5 Questions You Should Ask a Prospective Workflow Management Vendor

By Mike Raia Posted August 5, 2015

There are a lot of software vendors out there that can help you with workflow. However, there are some key questions you should be prepared to ask before making a shortlist of vendors. We offer five questions you might want to lead with.


workflow integrationWhat are the integration options?

Some workflow solutions will integrate exclusively with enterprise applications like Microsoft SharePoint or specific HRIS systems, which is good if you plan on sticking with those systems forever. Others will integrate with a handful of ERP or CRM systems but not others. Still others will provide an open system with standalone Web services that allow integration with almost any system with a database.

Integration examples could include launching processes from external systems, viewing the status of a process externally, creating new users, pushing data to an external reporting tool and more. Decide what's best for your organization and find a solution that integrates with what you have and what you may have in the future.build workflow


How long will it take to implement?

Most software (SaaS or otherwise) purchasers expect to see a return on their investment fairly quickly. The folks that approved the purchase likely even more quickly. A rapid implementation isn't always possible depending on the complexity of the solution, the number of people to train, the integrations that need to be set up, etc. but vendors should be able to provide a good estimate for when the solution will be rolled out publicly (or at least to a beta group). While every situation is unique to a degree, established vendors have seen pretty much everything and will have a frame of reference to draw from.

Keep in mind that sometimes the biggest torpedo in the side of an implementation project will come from internal sources. That's why you'll want to keep communications as open as possible with stakeholders and let them know the timeframe and what you expect of them.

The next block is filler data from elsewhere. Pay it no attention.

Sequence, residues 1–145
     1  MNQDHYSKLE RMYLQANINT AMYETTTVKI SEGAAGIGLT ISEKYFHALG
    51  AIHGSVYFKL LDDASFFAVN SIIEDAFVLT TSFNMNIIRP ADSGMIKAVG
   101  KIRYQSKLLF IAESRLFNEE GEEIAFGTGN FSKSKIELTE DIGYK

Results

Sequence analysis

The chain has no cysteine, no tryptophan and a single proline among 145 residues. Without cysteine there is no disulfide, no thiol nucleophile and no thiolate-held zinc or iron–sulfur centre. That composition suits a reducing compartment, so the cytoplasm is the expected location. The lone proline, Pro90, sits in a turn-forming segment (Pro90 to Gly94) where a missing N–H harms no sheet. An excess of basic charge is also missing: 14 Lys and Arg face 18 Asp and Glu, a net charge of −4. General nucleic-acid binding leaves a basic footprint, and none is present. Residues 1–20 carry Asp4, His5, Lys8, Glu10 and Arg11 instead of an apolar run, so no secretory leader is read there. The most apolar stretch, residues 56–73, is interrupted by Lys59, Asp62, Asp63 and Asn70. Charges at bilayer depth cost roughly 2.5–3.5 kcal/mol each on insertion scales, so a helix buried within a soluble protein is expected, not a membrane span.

workflow support Am I on My Own?

The level of human, hands-on support you'll receive from a workflow management vendor will vary greatly. Some will dig in with you, map out your processes, build workflow sets, test, etc. Some, especially if their focus is on the forms part of the equation, will basically give you access to the system and then start pointing you to documentation. The level of support you'll need will depend on a few different factors.

  • Do you have a robust in-house IT/development team? Are they available to help?
  • Have you or your business analysts already built out process maps?
  • How quickly do you want to be up and running?

In any case it's probably better to be safe than sorry and find a vendor who can be as hands on or hands off as your situation dictates and has a clear method for billing additional services.


worklfow platformsWhat Platforms Do You Support?

Cloud-based software has distinct advantages over premise-based software but it's not always A) your call and B) allowed by your industry. Some industries require software solutions to be completely under their control and within their firewalls (think financial, government, legal). In addition, some organizations need to integrate with on-premise systems (for instance Active Directory) that will only connect to other premise-based systems. These situations dictate a premise-based solution.

Outside of these scenarios, the cloud option offers a lot of benefits in terms of administration, cost, implementation time, etc. Another option is private cloud, which offers some benefits of the first two platforms but also some of the downsides. We'll cover the benefits and downsides of all the platforms in a future post. In the meantime, consider vendors who offer all the options, but if you've already discussed solutions with IT (or you are IT) you probably have a good idea which one you'll need.


workflow software flexibilityYou Say It's Flexible. HOW Flexible?

Most workflow management vendors will say their flexible, customizable, configurable, etc. but get a demo and ask to see how workflows are actually built in the system. Ask questions about alternate methods/options for performing certain workflow tasks and if custom programming is possible. For instance, using javascript in a form to add additional functionality. If the system is a "walled garden" you're stuck with what the vendor thinks you need.

Some workflow management companies provide pre-built workflows as part of a "service catalog." While these solutions sound logical on the surface, the reality is that pre-built workflows are usually more trouble than they’re worth. Most organizations have very specific, custom ways of handling requests and pre-built workflows invariably need to be customized to fit those methods. Often it's faster to simply build from scratch than to modify automated workflows that have been designed for wide adoption.


Hopefully that helps you in your workflow management vendor search. If you have other suggestions for what to ask or just want to let us know what you think, please let us know in the comments.

Mike Raia

Marketing the world's best workflow automation software and drinking way too much coffee. https://about.me/mikeraia

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